TJ

TJ

Thursday, 26 January 2017 19:13

US Sumo Open

US Sumo Open

The World's Largest Annual Sumo Tournament Outside Japan

Founded by Andrew Freund in 2001, the US Sumo Open is the largest annual sumo tournament in the world outside of Japan, with over 400 sumo wrestlers, including numerous past and present World Sumo Champions. Through his organization, USA Sumo, Freund has arranged for sumo wrestlers to appear in over 20 films, 250 television shows, 300 television commercials, 500 live events and numerous other public appearances. These include such films as Ocean’s Thirteen, Memoirs of a Geisha and 47 Ronin, plus commercials for Nike, Doritos, Ford and other brands. Freund spoke to Tokyo Journal Executive Editor Anthony Al-Jamie about his event and how the roots of the US Sumo Open trace back to Tokyo Journal, while four sumo stars shared their thoughts on the sport.

Thursday, 26 January 2017 19:01

Dalai Lama

His Holiness the Dalai Lama

The 14th Dalai Lama Celebrates 80th Birthday at the World Compassion Summit in Anaheim, California

 

BORN to a peasant family in northeastern Tibet in 1935, Lhamo Thondup was only two years old when he was recognized as the 14th Dalai Lama and renamed Tenzin Gyatso (shortened from Jetsun Jamphel Ngawang Lobsang Yeshe Tenzin Gyatso). From childhood, he was trained as a monk, and as a teenager, he became the head on Tibetan government in their fight against the occupying forces of the People's Republic of China. He has been the leader of the Tibetan government in exile since he fled to India in 1959. He has traveled the world to speak about peace, the welfare of Tibetans, the environment, Buddhism and science, women's rights and economics. In 1989, he was awarded the Nobel Peace Prize for his non-violent struggle for the liberation of Tibet and became the first Nobel Laureate to be recognized for his concern for global environmental problems. From July 5-7, 2015, hundreds of well-wishers attended the three-day Global Compassion Summit to mark the spiritual leader's 80th birthday at the Anaheim Honda Center and the University of California, Irvine in Orange County, California. Special guests at the event included politicians, academics and celebrities who joined His Holiness for discussions related to global compassion, creativity and the arts, youth leadership and climate change. Tokyo Journal Executive Editor Dr. Anthony Al-Jamie spoke with a number of these special guests about peace, compassion and His Holiness the Dalai Lama. tj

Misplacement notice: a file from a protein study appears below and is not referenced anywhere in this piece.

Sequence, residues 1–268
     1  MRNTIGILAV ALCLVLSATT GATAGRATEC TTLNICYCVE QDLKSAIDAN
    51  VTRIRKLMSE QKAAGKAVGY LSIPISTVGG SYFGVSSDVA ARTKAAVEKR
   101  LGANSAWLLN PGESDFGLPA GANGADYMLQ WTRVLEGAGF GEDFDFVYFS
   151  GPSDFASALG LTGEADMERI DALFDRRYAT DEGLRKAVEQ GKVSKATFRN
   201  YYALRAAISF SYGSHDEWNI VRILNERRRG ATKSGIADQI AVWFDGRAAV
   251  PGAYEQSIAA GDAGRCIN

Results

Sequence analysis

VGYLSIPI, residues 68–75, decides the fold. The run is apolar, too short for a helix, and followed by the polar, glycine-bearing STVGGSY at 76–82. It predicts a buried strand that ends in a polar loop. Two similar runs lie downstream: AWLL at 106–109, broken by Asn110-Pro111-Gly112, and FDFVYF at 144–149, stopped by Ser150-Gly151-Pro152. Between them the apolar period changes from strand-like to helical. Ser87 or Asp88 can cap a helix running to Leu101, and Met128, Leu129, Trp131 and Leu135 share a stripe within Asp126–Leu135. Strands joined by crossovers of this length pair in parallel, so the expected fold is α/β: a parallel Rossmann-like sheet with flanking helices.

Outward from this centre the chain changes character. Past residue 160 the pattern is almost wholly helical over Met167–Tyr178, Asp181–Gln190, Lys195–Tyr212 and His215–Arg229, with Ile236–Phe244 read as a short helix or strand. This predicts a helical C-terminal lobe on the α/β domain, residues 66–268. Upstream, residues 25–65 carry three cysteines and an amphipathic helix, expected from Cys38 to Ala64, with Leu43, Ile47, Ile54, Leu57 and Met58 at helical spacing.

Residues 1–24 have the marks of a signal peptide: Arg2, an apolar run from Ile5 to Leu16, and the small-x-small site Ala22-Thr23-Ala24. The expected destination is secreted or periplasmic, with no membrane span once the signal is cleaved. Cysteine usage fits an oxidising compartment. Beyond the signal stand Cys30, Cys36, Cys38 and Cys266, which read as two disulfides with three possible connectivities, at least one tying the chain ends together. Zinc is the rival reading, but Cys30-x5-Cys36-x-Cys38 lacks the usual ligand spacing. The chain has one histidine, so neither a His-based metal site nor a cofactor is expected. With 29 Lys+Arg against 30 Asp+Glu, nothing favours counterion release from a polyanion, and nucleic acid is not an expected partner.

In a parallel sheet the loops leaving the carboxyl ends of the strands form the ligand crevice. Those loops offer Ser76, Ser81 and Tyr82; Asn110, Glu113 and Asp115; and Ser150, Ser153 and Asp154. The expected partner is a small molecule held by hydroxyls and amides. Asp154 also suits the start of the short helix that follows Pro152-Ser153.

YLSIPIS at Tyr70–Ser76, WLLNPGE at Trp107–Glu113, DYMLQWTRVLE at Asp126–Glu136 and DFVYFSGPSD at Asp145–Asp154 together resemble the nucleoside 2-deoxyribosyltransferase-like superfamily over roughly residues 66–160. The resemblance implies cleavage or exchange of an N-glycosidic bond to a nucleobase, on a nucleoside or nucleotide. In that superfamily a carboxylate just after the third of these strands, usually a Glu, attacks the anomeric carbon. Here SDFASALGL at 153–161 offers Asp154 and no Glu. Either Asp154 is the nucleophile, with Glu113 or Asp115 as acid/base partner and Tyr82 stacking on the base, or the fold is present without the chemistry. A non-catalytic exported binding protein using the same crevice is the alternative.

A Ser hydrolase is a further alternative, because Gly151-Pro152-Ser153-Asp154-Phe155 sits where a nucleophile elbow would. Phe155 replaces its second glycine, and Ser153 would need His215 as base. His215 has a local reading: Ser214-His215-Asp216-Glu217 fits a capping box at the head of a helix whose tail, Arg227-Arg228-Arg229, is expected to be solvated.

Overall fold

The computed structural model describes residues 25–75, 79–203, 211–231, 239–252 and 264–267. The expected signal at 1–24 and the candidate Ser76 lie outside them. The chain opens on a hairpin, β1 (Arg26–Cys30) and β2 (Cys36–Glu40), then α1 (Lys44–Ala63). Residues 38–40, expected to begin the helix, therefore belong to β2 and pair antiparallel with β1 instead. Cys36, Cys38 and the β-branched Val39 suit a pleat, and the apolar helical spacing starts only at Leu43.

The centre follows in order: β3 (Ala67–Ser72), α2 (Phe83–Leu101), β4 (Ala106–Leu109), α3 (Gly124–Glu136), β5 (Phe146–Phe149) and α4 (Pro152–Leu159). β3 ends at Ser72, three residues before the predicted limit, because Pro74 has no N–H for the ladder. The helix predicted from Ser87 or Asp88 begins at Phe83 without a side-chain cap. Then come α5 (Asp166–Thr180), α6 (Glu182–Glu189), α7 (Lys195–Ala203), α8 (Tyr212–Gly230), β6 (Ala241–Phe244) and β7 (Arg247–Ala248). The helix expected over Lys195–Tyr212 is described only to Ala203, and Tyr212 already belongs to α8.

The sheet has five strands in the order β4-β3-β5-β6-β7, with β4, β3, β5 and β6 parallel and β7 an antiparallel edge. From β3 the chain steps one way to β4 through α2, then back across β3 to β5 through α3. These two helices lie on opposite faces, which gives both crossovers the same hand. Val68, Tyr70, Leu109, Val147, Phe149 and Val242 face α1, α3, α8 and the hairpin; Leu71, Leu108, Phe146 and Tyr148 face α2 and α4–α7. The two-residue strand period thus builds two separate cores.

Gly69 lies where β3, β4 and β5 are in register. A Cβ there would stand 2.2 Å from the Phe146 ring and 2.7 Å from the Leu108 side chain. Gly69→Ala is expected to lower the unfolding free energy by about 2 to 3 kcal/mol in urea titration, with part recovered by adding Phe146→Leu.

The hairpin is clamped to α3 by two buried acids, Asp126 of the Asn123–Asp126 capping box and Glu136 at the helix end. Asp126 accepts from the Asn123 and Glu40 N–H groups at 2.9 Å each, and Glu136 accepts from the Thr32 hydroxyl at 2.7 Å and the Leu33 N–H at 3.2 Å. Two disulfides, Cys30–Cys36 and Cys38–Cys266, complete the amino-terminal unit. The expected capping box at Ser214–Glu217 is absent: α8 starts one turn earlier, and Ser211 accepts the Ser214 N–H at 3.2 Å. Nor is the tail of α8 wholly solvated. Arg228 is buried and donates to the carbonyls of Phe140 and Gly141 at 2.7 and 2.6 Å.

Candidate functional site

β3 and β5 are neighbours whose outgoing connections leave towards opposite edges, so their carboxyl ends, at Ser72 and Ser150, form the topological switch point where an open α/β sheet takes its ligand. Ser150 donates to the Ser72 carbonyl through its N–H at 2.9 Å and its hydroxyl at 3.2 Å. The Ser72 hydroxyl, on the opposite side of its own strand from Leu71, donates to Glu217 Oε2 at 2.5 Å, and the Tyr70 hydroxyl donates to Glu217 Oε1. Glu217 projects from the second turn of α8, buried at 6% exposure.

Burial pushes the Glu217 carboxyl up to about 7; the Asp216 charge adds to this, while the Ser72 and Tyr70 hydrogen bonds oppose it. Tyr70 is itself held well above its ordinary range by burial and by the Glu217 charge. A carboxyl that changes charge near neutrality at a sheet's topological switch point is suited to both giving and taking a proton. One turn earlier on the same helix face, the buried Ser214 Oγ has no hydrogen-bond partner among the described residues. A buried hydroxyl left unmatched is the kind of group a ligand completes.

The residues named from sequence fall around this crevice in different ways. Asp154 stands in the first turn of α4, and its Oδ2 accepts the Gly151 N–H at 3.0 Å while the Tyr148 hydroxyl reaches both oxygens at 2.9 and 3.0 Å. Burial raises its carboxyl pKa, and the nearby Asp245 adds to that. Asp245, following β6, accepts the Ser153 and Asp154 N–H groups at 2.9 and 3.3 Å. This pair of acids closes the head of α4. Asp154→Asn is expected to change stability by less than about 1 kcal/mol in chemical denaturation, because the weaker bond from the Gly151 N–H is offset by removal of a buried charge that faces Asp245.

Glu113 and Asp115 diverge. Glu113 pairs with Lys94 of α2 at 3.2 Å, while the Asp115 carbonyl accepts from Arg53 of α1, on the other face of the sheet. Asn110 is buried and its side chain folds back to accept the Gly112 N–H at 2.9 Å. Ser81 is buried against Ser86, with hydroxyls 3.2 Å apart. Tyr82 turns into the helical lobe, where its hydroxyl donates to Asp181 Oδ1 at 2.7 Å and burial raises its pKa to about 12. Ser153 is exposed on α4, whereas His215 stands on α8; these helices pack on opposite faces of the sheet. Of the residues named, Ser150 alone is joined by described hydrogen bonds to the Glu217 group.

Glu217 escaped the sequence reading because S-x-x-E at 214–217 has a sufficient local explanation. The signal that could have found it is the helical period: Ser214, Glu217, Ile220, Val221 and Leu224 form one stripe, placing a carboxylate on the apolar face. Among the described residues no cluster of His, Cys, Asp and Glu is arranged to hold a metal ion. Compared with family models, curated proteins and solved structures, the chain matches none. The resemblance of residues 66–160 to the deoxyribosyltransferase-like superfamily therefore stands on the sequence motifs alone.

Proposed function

Photograph by Kevin Baldes

Thursday, 26 January 2017 18:55

The Beach Boys

The Beach Boys

America's Most Iconic Band's Mike Love Still Having Fun, Fun, Fun After Five Decades

As one of the most iconic pop-rock bands of the '60s, the Beach Boys' vocal harmonies are among the most unmistakable, innovative and enduring in the history of rock and roll. They were the only group able to challenge the Beatles' success in terms of their overall impact on the Top 40. The Beach Boys had over 80 songs chart worldwide, including 36 U.S. Top 40 hits, which is the most by any American rock band. Four songs reached number one on the Billboard Hot 100 chart. The GRAMMY Award-winning group is one of the world's best-selling bands of all time, with worldwide sales exceeding 100 million records. Rolling Stone magazine listed them as the 12th greatest artist of all time in 2004. The California quintet's original lineup ー consisting of the Wilson brothers, Brian, Dennis and Carl, as well as their cousin Mike Love and friend Al Jardine ー was inducted into the Rock and Roll Hall of Fame in 1988. The group's lineup has changed over the years and two of the Wilson brothers have passed away, but in 2012, for the band's 50th anniversary, all of the surviving members briefly reunited for a new studio album and world tour. The Beach Boys are no strangers to Japan, having first performed in Tokyo, Nagoya, Osaka, Kyoto and Fukuoka in 1966. A look at the back cover of their 1966 album, Pet Sounds, reveals photos of the group in Kyoto, outfitted in traditional samurai costumes. Half a century later, the current lineup of the Beach Boys not only returned to perform six concerts at the new venue, Billboard Live Tokyo, but they also performed for the first time ever in Seoul, South Korea. Tokyo Journal Executive Editor Anthony Al-Jamie talked to original member, singer, songwriter and activist, Mike Love, about the band's legendary career, his love for transcendental meditation and his fondness for Japan.